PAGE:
BERLIN — Nations resumed talks on tackling global warming Monday with the aim of shaping a deal that might put the world on track to prevent a dangerous increase in temperatures, as the U.N.’s top climate official called for deep cuts in fossil fuel use.
Diplomats began two-week negotiations in Bonn, Germany, despite failing to agree on a formal agenda because of differences on the topic of reducing greenhouse gas emissions.
This issue is at the core of the climate crisis, as burning coal, oil and gas is responsible for the majority warming that has occurred since preindustrial time.
Simon Stiell, who heads the U.N. climate office, told The Associated Press in an interview over the weekend that limiting global warming to 1. 5 degrees Celsius (2. 7 Fahrenheit) will require a phaseout of fossil fuels, something many oil-producing countries have pushed back on.
Environmental campaigners have lamented that this year’s U.N. climate summit will be held in the United Arab Emirates, a major fossil fuel exporter, and presided over by the chief executive of the Abu Dhabi National Oil Company. The host country has reacted . to this criticism.
Stiell stated that the leaders meeting in Dubai should be viewed as an opportunity.
“We have a president (for the talks) who has significant experience in the oil and gas sector, in an oil and gas producing nation,” he told reporters in Bonn. “It provides an opportunity to ask some very difficult questions, but also to seek some very difficult but needed answers.”
Asked about calls for curbs on the presence of fossil fuel lobbyists, Stiell said that his office is looking into ways of ensuring greater transparency based on the experience of previous meetings, known in U.N.-speak as Conferences of the Parties, or COPs.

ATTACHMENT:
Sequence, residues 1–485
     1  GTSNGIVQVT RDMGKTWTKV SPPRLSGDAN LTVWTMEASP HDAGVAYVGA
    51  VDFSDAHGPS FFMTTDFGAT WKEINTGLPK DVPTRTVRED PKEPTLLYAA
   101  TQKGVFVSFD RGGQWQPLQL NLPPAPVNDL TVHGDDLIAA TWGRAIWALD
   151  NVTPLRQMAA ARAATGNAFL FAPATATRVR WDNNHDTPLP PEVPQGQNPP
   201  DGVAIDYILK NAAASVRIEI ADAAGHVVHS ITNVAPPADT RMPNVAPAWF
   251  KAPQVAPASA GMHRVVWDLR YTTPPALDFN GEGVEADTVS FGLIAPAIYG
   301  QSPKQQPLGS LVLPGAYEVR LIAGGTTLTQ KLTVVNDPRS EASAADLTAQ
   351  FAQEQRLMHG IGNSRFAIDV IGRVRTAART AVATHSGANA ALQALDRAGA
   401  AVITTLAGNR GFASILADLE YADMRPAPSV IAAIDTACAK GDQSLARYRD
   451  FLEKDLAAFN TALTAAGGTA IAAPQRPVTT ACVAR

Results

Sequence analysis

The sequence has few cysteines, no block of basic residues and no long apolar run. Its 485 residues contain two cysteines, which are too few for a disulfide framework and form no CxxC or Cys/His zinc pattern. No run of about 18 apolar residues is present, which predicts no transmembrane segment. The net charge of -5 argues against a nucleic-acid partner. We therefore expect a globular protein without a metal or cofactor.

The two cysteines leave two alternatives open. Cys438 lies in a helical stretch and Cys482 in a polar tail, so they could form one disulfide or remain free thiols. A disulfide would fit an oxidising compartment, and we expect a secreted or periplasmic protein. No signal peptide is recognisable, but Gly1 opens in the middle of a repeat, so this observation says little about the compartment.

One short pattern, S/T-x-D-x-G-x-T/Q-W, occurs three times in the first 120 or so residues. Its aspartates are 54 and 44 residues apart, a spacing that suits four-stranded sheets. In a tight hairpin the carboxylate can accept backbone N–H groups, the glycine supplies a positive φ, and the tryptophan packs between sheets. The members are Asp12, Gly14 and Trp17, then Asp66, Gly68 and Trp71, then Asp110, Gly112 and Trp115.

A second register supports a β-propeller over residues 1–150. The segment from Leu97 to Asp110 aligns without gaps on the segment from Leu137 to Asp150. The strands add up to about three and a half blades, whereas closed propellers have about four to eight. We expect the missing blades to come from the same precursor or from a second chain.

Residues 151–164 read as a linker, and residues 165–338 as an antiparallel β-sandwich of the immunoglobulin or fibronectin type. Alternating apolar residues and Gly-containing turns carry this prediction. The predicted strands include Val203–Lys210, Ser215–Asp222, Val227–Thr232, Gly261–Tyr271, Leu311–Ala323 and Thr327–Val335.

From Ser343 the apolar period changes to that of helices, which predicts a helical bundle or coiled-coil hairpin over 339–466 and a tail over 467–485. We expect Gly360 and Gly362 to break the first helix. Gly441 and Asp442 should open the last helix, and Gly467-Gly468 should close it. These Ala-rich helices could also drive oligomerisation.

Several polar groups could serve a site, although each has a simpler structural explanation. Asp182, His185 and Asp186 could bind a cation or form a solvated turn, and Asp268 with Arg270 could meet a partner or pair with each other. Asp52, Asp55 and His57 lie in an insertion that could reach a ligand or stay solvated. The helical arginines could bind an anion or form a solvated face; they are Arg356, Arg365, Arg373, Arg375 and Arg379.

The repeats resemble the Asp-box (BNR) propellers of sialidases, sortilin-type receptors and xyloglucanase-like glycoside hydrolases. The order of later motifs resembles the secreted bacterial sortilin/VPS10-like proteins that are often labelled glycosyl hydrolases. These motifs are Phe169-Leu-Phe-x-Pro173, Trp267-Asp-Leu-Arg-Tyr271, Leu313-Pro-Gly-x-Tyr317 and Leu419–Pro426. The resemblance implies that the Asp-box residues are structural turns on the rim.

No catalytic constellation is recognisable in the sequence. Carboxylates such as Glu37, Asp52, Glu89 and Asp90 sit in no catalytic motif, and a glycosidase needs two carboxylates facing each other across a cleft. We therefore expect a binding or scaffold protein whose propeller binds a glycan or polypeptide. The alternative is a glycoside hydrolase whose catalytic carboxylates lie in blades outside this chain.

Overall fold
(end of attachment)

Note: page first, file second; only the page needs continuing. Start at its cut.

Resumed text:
” “Some of these measures could be implemented before the next Conference of Parties (COP) to ensure transparency and integrity in the process,” Stiell said without providing any further details.
Stiell said the failure to adopt an agenda at the start of the technical talks in Bonn was “not desirable, but it’s not uncommon.”
“There will be consultations with parties with regard to the unresolved agenda items. But the important thing is work has started,” he said, adding that he hopes negotiators from almost 200 countries can have a “productive and constructive engagement.”
Asked about the importance of reducing fossil fuel use, Stiell said that “the science is clear.”
“Halving emissions by 2030 and reaching ‘net zero’ by 2050 requires a deep cut and reduction, the phasing out, phasing down of all fossil fuels,” he said.
He praised the sharp increase in renewable energy production ,, with unprecedented levels in investment and deployment in recent years.
“That is one part of the equation”, Stiell stated. “But the other requires those deep cuts in fossil fuel production and consumption, and that we are not seeing.”
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